MONKEY SEE, MONKEY DO: DO COLLEGE STUDENTS MODEL COLLEGEHUMOR.COM?
 
Student researchers

Michael Albanese, Larene Deguzman, and Alexandra Williott (Undergraduate Students)
This paper is based on a project from an undergraduate Media Effects course.

Faculty Supervisor:

Dr. S. Shyam Sundar

Introduction

Through a survey, this study seeks to find the relationship between the use of a popular website, collegehumor.com and conation. To further investigate the relationship between collegehumor.com and conation, this study will look for specific mediating factors. These factors include tolerance, perceived norm, and perceived humor of three stimulus material from the website. Lastly, the study seeks to find a relationship between alcohol consumption and conation, tolerance, and perceived norm.

research question and hypothesis

RQ: For undergraduate students, controlling for gender, what is the relationship
between the use of CollegeHumor.com and conation, tolerance, and perceived norm of presented material?

H1: The use of CollegeHumor.com will have a positive relationship with conation.
H1a: Perceived norm of presented material will act as a mediator between the use of CollegeHumor.com and conation.
H1b: Tolerance of presented material will act as a mediator between the use of CollegeHumor.com and conation.
H1c: Perceived humor of presented material will act as a mediator between the use of CollegeHumor.com and conation.
H2: The amount of alcoholic drinks participants have will have a positive relationship between conation, tolerance, and perceived norm of presented material.

Method

The study was conducted at a large Northeastern University. Participants consisted of both Penn State Students and non Penn State Students. The study was conducted as a voluntary, face-to-face survey that was expected to take 10-15 minutes to complete. The survey consisted of two sections. The first section asked for a general demographic description of the participant with questions asking for the participants’ age, semester standing, and major. Then participants were asked about their general behavior regarding internet usage and drinking alcohol using a nine-point Likert scale. The second section of the survey asked participants to look at three different pictures, contained in separate folders.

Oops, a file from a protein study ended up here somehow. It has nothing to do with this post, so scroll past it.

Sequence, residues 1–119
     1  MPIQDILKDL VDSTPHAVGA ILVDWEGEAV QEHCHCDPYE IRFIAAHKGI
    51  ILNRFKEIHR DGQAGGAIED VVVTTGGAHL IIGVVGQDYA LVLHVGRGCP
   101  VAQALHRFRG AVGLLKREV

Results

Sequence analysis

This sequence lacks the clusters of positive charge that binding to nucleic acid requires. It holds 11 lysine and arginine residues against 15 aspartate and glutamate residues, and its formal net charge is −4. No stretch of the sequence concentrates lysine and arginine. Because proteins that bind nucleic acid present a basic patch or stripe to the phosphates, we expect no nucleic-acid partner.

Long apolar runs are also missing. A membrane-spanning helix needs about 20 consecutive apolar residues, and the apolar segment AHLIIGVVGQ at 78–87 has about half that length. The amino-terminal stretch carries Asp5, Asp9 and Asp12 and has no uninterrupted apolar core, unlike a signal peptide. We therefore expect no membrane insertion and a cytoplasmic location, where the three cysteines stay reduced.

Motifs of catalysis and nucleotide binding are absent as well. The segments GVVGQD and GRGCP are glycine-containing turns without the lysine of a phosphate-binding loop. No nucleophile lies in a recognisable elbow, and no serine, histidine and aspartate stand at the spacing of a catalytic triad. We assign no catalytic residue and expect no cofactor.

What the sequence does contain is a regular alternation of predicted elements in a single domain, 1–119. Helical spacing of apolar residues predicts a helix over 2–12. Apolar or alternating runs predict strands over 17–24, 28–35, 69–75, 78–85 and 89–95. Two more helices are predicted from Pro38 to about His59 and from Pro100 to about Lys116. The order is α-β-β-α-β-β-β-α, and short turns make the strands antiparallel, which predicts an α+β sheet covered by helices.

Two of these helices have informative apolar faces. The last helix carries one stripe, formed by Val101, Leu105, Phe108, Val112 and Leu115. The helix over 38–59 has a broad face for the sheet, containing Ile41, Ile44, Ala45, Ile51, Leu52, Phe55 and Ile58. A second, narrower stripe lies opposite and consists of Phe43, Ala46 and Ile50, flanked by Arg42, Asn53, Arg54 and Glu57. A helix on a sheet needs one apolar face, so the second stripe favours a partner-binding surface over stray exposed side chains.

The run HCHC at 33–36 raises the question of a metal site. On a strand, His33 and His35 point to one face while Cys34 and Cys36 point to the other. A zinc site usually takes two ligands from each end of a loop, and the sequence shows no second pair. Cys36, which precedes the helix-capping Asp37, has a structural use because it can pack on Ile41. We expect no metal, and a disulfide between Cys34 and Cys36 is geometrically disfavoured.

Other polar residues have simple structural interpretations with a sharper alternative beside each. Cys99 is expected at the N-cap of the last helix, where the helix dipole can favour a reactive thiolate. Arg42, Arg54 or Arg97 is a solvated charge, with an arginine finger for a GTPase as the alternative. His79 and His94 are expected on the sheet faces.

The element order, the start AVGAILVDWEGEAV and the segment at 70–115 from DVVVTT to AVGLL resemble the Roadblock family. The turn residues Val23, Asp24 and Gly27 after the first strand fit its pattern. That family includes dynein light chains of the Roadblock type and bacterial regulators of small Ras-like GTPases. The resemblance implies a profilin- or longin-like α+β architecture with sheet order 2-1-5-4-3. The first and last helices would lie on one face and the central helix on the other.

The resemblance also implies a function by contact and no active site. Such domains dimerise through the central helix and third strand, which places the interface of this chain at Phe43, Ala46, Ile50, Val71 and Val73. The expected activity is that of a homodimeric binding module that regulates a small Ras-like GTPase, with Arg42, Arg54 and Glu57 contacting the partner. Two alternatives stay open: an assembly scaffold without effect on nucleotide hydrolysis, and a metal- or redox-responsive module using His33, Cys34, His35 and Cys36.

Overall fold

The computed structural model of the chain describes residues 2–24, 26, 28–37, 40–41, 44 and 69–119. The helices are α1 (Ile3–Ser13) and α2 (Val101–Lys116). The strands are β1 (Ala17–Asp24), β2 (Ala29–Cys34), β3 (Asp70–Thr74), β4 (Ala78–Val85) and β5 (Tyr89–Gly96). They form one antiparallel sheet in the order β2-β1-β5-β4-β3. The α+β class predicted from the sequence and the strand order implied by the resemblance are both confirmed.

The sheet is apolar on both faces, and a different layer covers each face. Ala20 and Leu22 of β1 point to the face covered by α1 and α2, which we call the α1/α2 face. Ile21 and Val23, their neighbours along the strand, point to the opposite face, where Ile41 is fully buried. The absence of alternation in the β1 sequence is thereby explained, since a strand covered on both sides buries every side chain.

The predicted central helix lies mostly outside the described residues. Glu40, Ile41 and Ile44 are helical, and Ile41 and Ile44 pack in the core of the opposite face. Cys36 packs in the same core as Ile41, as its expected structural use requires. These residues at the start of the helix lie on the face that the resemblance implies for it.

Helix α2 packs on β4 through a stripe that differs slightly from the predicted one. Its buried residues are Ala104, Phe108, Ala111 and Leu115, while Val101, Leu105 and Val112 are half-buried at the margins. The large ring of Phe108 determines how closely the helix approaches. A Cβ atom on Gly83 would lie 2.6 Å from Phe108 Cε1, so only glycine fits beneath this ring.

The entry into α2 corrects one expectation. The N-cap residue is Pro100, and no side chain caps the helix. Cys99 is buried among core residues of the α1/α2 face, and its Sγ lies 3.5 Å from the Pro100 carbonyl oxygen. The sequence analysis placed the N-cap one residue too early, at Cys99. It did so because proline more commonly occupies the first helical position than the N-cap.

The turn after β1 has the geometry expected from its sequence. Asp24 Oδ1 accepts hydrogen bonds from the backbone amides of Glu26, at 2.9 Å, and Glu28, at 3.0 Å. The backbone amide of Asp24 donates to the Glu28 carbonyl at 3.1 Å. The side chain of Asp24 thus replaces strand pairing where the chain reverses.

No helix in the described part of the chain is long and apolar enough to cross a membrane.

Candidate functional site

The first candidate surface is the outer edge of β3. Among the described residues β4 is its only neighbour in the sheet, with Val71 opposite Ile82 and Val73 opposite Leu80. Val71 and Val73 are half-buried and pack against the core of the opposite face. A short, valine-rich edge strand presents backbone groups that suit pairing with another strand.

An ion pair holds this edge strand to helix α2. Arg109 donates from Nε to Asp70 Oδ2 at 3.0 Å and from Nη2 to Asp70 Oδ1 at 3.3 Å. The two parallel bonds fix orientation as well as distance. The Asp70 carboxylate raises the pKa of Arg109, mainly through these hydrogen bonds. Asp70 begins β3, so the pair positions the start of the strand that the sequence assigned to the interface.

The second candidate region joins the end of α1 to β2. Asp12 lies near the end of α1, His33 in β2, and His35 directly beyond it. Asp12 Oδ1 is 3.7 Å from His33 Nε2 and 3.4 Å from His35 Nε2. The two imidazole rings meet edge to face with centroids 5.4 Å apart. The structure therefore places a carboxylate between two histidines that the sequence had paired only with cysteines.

Each picture was taken directly from the collegehumor.com website. They were then asked the same 10 questions for each picture. After collecting all of the responses, data was entered in JMP 5.1 manually.

Results

The sample size of this study consisted of 104 people, of which there were 53 females and 48 males with two abstaining from response. The participants had a mean age of 20.66 years with a maximum of 29 years and minimum of 18 years.
Our primary hypothesis, H1, was supported by the results of a Standard Least Squares analysis. H1a, H1b, and H1c were not supported. This study was unable to find a mediator between the use of collegehumor.com and conation. Our secondary hypothesis, H2, was supported.

Conclusions

After analyzing the data it was determined that there is positive a relationship between use of collegehumor.com and conation. From our data, we can predict students’ behavioral intention from the use of collegehumor.com. The results of the data showed that while use of collegehumor.com has an effect on conation, the perception of norm, tolerance, and humor of the viewed material on the website are not mediating factors. In other words, this study was able to prove there is a positive relationship between colleghumor.com and conation but unable to determine why a person is more likely to actually model the actions viewed on the website.

For more details regarding the study contact

Dr. S. Shyam Sundar by e-mail at sss12@psu.edu or by telephone at (814) 865-2173

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Media Effects Research Lab at College of Communications, Penn State University